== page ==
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Jamie Iles
Software professional and hardware tinkerer
Software professional and hardware tinkerer
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FPGA tools seem to be the way to take the fun out of an FPGA design.  Over the last few evenings I've been working on optimizing the Oldland SDRAM controller to perform bursts to reduce the cache fill+miss penalty, and got everything working pretty quickly in simulation using a Micron model.  Once I put that on the FPGA though I saw memory corruption after a few seconds in u-boot.  SignalTap might have helped if it could run at the same time as another virtual JTAG user and didn't have tiny buffers.

I suspected that it was a timing issue and needed a change to the phase shift of the SDRAM PLL, and it was partly this, but compared to software development, these tools are so far behind.  To calculate the phase shift you need to know the timings for the external device from the datasheet (fair enough), along with timings for the FPGA design.  Then you plug them into a couple of calculations and use the results to calculate the phase shift, plug that back into the design tools, constrain the design with some horrible TCL which seems to be reimplemented for every design, no two the same and then resynthesised.  Finally you need to check that none of that has changed the FPGA timing used for the calculations.

I can't believe that this is the recommended flow, rather than telling the tools that a collection of pins are a synchronous interface and data should be center aligned to a given clock with the given external timings and that can then constrain the design and calculate the phase shift?  To me, this is the equivalent of constructing a delay in software by writing a for loop in C, looking at the disassembly to count the instructions, checking the instruction timings in the CPU datasheet and adjusting the loop count.

Anyway, it works now and SDRAM accesses have much higher bandwidth!

#quartus   #fpga  #timing

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The Oldland CPU has progressed quite a bit since my last update and is now somewhat usable.  On the hardware side of things I have converted the caches to configurable N-way set-associative caches and added software managed TLB's along with a user mode, so the system is now capable of running a real OS with privilege separation and memory protection.  The DE0 nano board gained a Microchip ENC28J60 module so it can now talk to the outside world over Ethernet.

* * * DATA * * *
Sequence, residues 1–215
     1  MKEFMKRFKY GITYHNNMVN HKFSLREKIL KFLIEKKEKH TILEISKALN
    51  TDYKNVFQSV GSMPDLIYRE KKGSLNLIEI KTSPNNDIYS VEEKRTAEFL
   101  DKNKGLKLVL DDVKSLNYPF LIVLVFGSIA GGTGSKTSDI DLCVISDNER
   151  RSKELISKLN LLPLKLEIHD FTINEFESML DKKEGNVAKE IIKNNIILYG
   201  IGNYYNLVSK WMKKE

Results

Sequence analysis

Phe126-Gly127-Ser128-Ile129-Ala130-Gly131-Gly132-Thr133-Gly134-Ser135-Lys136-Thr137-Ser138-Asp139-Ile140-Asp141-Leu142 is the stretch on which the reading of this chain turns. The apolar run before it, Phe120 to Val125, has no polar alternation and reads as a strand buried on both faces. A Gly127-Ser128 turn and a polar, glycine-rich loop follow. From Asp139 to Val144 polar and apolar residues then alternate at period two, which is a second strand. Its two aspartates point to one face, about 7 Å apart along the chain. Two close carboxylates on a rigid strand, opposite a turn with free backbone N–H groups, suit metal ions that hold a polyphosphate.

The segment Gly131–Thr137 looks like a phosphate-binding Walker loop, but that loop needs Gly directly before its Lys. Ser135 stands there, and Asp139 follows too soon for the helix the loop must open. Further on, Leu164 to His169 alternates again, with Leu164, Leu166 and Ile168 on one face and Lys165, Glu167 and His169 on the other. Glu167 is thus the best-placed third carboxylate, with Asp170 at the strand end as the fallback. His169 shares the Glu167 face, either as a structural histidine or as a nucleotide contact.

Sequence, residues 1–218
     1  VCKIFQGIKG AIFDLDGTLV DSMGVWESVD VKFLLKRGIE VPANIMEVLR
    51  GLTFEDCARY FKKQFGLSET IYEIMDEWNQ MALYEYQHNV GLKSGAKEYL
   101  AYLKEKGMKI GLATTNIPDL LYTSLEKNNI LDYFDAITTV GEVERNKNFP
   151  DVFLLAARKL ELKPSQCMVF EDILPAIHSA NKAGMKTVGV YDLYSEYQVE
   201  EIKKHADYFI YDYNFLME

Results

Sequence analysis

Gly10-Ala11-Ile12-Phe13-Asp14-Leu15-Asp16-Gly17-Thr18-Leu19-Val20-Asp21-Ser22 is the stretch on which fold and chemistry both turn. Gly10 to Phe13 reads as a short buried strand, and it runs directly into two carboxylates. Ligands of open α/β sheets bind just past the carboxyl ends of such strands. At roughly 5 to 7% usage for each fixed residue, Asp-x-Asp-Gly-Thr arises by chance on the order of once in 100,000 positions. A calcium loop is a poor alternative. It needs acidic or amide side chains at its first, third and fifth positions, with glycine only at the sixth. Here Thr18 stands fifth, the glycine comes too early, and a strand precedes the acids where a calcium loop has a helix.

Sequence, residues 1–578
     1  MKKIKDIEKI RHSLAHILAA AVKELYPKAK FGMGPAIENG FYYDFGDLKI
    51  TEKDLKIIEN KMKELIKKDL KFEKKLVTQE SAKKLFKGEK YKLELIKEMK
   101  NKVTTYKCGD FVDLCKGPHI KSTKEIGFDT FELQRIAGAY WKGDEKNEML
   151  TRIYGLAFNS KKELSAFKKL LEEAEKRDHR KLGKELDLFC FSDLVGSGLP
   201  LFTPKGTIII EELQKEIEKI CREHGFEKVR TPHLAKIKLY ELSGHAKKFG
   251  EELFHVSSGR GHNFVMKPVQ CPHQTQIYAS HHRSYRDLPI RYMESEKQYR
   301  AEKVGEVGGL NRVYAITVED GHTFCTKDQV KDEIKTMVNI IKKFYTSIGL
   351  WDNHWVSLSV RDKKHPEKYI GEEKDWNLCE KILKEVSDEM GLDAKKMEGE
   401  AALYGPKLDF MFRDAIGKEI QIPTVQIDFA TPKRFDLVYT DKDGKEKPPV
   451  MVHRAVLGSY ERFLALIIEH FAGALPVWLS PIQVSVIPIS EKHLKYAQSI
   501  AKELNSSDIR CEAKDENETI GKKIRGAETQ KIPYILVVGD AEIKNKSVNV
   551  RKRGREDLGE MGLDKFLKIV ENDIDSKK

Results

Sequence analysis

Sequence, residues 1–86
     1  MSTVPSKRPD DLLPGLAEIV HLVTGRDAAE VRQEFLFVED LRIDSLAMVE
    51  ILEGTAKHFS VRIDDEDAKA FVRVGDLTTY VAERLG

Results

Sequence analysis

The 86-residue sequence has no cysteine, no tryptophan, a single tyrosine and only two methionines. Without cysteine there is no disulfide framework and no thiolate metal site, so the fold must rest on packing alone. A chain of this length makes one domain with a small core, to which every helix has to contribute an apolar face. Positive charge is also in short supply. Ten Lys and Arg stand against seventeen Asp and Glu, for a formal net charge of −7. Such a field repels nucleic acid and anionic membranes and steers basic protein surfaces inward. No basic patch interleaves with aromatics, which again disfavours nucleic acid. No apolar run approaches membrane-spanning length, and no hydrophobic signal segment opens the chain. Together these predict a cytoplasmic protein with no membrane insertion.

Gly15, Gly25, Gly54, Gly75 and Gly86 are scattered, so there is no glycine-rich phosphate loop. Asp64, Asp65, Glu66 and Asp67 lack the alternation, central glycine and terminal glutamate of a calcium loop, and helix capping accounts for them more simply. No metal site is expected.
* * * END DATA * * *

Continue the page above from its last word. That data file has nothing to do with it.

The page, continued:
In the software world I have ported u-boot, newlib and RTEMS so it's running real software.  Correctly handling interrupts in RTEMS was somewhat fiddly and exposed bugs in the RTL, simulator, gcc port and RTEMS itself!

The next tasks are optimization of the SDRAM controller, which is a bit of a bottleneck, and porting the Linux kernel.

#verilog   #rtems  #fpga

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I've been hacking away on my 32-bit RISC CPU (https://github.com/jamieiles/oldland-cpu) and things are coming along nicely.  Instruction+data caches are working and I've also added an SPI master for talking to SD cards and other peripherals.

Simulations using Icarus were a bit slow for my liking (tests took about 25 seconds to run each time, compared to about 0.2 seconds in the C simulation) so I got the simulation running under Verilator and that only takes about 0.4 seconds to run.  It also warns about more errors that Icarus doesn't, and in a fashion that puts Quartus to shame.

On the software front I have a working port of GCC with thanks to +Anthony Green's Moxie GCC port as an excellent reference.  There's still some optimization work to do, but that's the same with the rest of the project!

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My hobby project 32-bit RISC processor.  Very much a work in progress, but the on-chip bootrom + sram are working along with SDRAM, UART and virtual JTAG.  Porting binutils was the most painful part, but working with verilog and the new tools is a lot of fun.

Lessons learnt so far:
 - proprietary FPGA tools are much more painful to use than free software Verilog tools.
 - having a C model to verify the RTL simulation against is essential, as are a decent set of quick to run tests.
 - wave forms for debugging is a good way to go insane, but gtkwave's filter files and filter processes reduce the pain somewhat.
 - generate as much source and data from a single definition as possible.

Overall Verilog is a nice change from software, and it makes me appreciate our software tools that much more!

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GDB stub for debugging bare-metal apps on a Raspberry Pi.

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mosh (http://mosh.mit.edu/) really is an excellent tool, especially when combined with flaky VPN connections!

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The Quireboys, Bristol Fleece 23rd April 2012
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GDB built for ARM/Linux knows that you can't single step instructions from 0xffff0000->0xffffffff on Linux, which is problematic if you are using it to test a gdbstub in a simulator with high vectors... I found out the hard way.

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The Answer + The Union, Bristol O2 Academy 2012-03-16
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The Answer + The Union (3 photos)
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